Is the day of a probation officer in Germany similar to the one of someone working in Romania? In the series ‘A day in the life of a probation officer’, we publish articles written by probation officers from different countries in Europe to see if their days look alike or are very different from each other. This article is written by Mary Anne Zammit, a probation officer from Malta.

 

A day at the office is surely guaranteed not to be like the other before it. Perhaps this was one of the reasons, amongst many others that kept me working at the Department of Probation and Parole for the past 23 years. Well, I always believed that working as a probation officer is a particularly rewarding career. It is a way of reconnecting offenders with the world outside, with their families and back to regaining themselves in the community.

The Probation Services in Malta came into effect in 1994 by the setup of a professional team made of probation officers. This came into effect after 1993, the University of Malta organized a Post Qualification Diploma in the Probation Services to train probation officers.

Since that day probation officers did not look back and what followed were several milestones and great strides which gave a new structure to the unit. In 2002, more sanctions were implemented such as the Community Service Order, Combination Order, and the Provisional Order of Supervision during the pre-sentencing stage. Further on, in 2012, the Restorative Justice Act came into effect introducing parole and mediation whereby the focus centered on offenders and victims, whilst reinforcing the department as that of probation and parole.

What are the requirements to become a probation officer?

To become a probation officer, an individual has to obtain a first degree preferably in Social Sciences, Psychology and Criminology and then followed by a master’s in Probation Services.

Probation officers have multiple tasks of compiling pre-sentencing reports and social inquiry reports, supervision of offenders while on probation order and supervision order, community service orders, treatment orders and provisional orders of supervision. Along with these are a compilation of parole reports followed by the supervision of parolees.

The other tasks are the liaison with other professionals working in the criminal justice field such as home visits, field visits and attending the criminal court, juvenile court, and family court. This is where probation officers spend most of their time.

So, what is a particular day of a probation officer?

We get all types of offenders in one day and cases range from those of theft, drugs, fraud, sex offenses to domestic violence. Clients start coming to our offices at around 6.30 am, particularly those who start working after. This enables them to keep their job while following the conditions of the Supervision or Parole. Meeting with clients is ongoing and at times we try to combine the sessions with the in-house psychologist assigned in case and the supervised urine testing. This saves time for our clients especially if they work on a tight schedule.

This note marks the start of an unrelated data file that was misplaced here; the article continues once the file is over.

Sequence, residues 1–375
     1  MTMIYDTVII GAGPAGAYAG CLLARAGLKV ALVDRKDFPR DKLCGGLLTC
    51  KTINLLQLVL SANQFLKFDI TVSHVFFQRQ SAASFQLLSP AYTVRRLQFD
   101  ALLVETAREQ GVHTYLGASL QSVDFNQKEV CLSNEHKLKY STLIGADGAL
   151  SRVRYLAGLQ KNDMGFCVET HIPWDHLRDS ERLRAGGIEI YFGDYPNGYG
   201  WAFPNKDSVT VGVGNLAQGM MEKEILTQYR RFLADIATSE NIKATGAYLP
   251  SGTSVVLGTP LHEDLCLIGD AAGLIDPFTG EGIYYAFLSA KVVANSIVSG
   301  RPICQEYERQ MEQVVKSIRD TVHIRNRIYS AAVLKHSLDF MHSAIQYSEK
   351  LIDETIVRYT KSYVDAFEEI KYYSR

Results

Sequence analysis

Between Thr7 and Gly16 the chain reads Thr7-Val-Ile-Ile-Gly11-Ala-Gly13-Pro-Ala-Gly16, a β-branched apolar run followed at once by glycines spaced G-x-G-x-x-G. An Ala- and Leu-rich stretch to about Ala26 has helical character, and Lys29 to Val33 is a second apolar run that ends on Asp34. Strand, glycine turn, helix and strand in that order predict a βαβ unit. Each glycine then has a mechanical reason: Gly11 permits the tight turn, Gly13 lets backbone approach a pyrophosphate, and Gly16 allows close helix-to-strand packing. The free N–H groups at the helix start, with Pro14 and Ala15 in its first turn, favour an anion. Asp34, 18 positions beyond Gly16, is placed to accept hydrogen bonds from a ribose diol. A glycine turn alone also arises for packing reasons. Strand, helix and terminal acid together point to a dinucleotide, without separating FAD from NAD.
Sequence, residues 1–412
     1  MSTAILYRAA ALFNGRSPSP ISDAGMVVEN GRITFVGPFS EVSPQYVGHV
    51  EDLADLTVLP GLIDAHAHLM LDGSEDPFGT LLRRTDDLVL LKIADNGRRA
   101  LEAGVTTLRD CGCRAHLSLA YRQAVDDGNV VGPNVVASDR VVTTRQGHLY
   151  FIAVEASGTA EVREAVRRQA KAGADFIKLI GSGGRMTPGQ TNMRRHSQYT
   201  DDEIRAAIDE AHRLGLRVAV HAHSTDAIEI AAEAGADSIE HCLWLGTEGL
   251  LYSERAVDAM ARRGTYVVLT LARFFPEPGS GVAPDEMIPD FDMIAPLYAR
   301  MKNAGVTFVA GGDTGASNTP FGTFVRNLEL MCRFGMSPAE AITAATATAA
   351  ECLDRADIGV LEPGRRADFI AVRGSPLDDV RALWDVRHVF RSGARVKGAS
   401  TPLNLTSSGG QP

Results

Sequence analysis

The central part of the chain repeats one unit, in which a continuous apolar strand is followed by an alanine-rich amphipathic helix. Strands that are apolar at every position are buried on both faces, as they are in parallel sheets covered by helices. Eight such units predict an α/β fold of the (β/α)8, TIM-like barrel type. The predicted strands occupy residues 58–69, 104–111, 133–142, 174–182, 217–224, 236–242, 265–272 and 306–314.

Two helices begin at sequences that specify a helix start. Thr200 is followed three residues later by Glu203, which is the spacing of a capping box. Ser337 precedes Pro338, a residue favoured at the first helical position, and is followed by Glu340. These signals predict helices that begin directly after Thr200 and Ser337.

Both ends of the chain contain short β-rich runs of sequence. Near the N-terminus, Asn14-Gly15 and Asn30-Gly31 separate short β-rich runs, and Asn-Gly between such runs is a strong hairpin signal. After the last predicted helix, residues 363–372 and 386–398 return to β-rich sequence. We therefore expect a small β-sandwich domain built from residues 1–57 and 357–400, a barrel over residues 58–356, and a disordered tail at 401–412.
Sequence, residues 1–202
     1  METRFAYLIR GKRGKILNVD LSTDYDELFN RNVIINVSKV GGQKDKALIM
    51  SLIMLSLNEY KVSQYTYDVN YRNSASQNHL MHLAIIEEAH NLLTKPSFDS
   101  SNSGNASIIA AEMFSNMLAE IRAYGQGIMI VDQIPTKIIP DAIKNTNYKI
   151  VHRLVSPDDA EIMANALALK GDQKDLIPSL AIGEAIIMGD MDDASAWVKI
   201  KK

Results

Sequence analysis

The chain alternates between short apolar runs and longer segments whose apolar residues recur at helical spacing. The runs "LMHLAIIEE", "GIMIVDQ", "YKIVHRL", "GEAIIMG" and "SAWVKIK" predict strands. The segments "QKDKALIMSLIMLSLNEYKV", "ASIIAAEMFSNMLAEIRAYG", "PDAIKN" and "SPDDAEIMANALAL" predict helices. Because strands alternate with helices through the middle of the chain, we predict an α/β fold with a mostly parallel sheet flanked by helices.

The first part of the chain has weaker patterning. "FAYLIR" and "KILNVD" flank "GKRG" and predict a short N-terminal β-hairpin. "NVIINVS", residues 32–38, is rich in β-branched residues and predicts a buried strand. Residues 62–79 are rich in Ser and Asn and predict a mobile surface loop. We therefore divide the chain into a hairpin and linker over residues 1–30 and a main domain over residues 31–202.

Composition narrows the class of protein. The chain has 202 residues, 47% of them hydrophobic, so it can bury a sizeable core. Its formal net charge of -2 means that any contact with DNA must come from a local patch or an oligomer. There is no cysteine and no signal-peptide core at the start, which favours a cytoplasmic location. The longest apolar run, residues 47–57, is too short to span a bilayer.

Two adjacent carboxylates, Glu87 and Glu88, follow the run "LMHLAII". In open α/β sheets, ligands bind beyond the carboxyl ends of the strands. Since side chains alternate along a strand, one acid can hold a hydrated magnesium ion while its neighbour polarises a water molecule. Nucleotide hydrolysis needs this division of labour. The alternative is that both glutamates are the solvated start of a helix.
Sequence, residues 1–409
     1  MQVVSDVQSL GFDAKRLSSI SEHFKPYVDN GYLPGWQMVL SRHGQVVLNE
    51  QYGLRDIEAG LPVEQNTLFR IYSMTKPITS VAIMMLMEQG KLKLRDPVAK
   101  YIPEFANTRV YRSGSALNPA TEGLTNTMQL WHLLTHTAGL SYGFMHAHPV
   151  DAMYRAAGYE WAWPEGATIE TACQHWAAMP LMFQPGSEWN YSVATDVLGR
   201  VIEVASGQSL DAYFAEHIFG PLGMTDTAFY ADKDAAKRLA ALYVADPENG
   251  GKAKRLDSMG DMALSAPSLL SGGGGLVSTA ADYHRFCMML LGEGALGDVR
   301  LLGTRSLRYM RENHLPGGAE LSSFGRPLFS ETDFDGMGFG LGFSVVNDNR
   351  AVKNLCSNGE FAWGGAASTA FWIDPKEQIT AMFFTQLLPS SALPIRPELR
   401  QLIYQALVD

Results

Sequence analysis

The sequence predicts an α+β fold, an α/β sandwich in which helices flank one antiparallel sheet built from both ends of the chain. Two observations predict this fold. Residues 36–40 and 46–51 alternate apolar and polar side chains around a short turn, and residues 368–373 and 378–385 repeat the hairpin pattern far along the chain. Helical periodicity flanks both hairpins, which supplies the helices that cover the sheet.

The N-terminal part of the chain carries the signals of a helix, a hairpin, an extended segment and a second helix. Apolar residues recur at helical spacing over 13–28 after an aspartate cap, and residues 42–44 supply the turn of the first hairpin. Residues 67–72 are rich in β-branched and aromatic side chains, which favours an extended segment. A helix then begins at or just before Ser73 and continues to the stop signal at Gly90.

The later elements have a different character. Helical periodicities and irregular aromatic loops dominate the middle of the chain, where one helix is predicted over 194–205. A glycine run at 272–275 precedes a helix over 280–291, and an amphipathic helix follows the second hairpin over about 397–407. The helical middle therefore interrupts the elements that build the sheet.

Consequently, the normal duration of a session takes half an hour or more depending on the situation presented by the clients themselves. Through the sessions with clients, the probation officer focuses on the care plan of the client concerned and ensures that he/she is following the conditions and the treatment.  Subsequently, their behavioral pattern is analysed, and this is done by checking with family members and the professionals involved.

And it is not the first time that after the session the probation officer decides to file a breach of order given by the court. This is not uncommon in cases of drugs and domestic violence. In normal circumstances, the probation officer continues with the report writing and file updates and contacting other professionals.

At one point during the day, probation officers will have to go to the court. This entails either reporting the progress of clients in the case of a provisional order of supervision or presenting pre-sentence reports. Perhaps, this is the most interesting moment, whereby probation officers present the courts with recommendations after a thorough compiling of information and risk assessment analysis. Overall, it is quite rewarding to have magistrates and judges relying on the sound and reliable reports of probation officers.

What makes the day more and more interesting is that a probation officer will never know what to expect during the day. Anything is expected during the day. A client can suddenly become high risk such in situations of a perpetrator breaching a protection order or a client quitting a rehabilitation program.

Overall, being a probation officer is a very rewarding and interesting job. Although it may create some frustrations, and at times it seems you are working in dust, there comes a ray of hope. Humans need to be given a sense of respect at one time or the other and faith that they can change. A successful day in probation is when probation officers see their clients back on track.


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